I always have, I learned how when I was about eleven minutes old. There's a tale I tell about the first time I ever got in trouble at school; it was for reading books under my desk instead of paying attention in class because I had already read the entire textbook. For most of fifth grade, my backpack was checked at home before I left in the morning then searched again by my teacher to make sure I wasn't sneaking any books into school; I am, above all other things, the original nerd.
I still read just as much as I did as a kid, I consider it one of the pillars of my own continuing education as a coach. There are plenty of blogs out there that I read regularly and Jordan Rapp is high up on the list at least in part because I get the sense through his writing that my brain works a little bit like his does. Detached, scientific, thorough, meticulous, compartmentalization level: expert (he fortunately seems to be missing the piece that makes him Exorcist-style power-vomit emotional garbage all over the internet). Something in his writing consistently either makes me think hard, usually while staring out of the window blankly at nothing, or it teaches me something, both of which I appreciate. He wrote weekly leading up to Kona, and in his final pre-race post when discussing the idea of kaizen, improvement, he wrote:
"Mark Allen, who I believe unquestionably to be the greatest triathlete and one of the greatest endurance athletes of all time had this to say after he finally broke through to win in Kona.
In my failures, I saw the darkest part of myself, where I was weak, where expectations did not meet reality. Until you face your fears, you don't move to the other side, where you find the power.
In this idea, I find one of the truest expressions of kaizen; it's hard to imagine a greater improvement than a move to "the other side," away from fear. The best part - and the hardest part - of racing is that you are truly accountable. You are accountable to your process. To your decisions. And to your outcome. That's why it's so easy to be afraid. But real opportunity is a rare and special thing. It is scary. But I am not afraid."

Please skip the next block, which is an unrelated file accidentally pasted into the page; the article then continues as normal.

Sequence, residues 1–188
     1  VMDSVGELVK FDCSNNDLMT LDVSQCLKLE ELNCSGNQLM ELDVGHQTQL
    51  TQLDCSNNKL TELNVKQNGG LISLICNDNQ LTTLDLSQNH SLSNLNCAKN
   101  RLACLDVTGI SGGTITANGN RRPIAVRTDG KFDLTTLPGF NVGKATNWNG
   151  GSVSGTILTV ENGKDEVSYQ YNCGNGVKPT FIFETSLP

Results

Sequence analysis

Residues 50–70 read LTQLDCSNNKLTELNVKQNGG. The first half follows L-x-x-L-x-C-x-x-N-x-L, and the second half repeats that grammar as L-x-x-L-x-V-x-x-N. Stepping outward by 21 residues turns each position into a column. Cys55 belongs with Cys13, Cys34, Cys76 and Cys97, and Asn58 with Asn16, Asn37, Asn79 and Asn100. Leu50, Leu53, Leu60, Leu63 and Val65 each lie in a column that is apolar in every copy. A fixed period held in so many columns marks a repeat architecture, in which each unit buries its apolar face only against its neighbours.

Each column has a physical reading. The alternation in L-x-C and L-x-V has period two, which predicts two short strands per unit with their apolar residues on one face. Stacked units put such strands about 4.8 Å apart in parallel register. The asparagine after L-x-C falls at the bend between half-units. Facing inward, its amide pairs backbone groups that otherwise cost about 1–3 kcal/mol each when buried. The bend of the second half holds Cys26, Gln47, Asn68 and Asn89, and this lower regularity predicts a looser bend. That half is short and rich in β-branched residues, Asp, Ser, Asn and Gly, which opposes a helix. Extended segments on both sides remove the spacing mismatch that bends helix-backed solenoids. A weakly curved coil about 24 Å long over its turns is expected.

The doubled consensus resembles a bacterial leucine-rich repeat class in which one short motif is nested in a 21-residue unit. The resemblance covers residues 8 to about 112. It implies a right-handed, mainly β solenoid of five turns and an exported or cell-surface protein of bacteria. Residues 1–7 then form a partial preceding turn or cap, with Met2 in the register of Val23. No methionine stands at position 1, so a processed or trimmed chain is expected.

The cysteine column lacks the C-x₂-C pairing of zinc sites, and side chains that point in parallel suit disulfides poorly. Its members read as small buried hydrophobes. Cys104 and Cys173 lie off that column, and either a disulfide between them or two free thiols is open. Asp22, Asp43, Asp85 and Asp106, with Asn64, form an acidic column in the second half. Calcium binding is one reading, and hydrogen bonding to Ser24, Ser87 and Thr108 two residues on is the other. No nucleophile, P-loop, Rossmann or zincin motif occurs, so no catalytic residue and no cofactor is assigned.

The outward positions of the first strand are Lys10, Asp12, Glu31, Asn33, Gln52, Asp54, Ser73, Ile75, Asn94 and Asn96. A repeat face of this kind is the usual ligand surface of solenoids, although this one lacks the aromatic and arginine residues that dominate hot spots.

I'm on the couch in my fuzzy pajama pants and a hoodie that dates back to 2001, one of the oft-touted pros of working both for yourself and from home. It is October 12. This morning, I ran fourteen miles. According to my training log, the last time I ran this distance or further, other than that pesky ill-advised ironman in August (or the more highly advised one last November), was November 8, 2015. Nearly a year. And I note it, not to brag (humble or otherwise) about training, but more because to me it is another quiet indicator in a long line of nearly-silent signs that I have returned to myself. The run was not particularly fast but it was effortless. It's been so long since I ran that loop that I couldn't remember which right turn onto which dirt road would deposit me back on my door step in the correct amount of time, my eating-and-drinking-while-moving skills are creaky with disuse, my music was too loud because I'm not used to running with it and left my ears ringing for hours afterwards. But it was work. I am doing work again, not just cautiously jogging with every internal dial turned up to 11 waiting for something to break down. It is unremarkable, the simple pleasure of stacking up day after day after day of consistent, patient, training. And it is my joy.
Some may describe it as fascination, obsession, addiction, but it is none of those things, or maybe it is all of those things. Maybe those are the keys to mastery, maybe those are the hallmarks of simply letting time pass around dedication to a singular focus. I chose triathlon. Ironman. On the surface, it's silly - swim bike run, tiny clothing, terrible hair, all the eating and drinking and dealing with your body violently opposing that much exercise for so many hours in a row. I have the perspective to see that it is a hobby, not some noble pursuit; I am not saving the world, I am just trying to crack 1:10 in a 100 and see something other than an 11 on my watch again not to mention maybe just a few of my abs. The root of it is not at all that I dreamed my entire life of being a triathlete. I don't have heroes in the sport, although there are certainly many athletes that I view with a great deal of respect. I don't secretly dream about racing professionally, I don't even dream about qualifying for Kona or breaking the tape - those are good dreams, valid dreams, but they are not mine.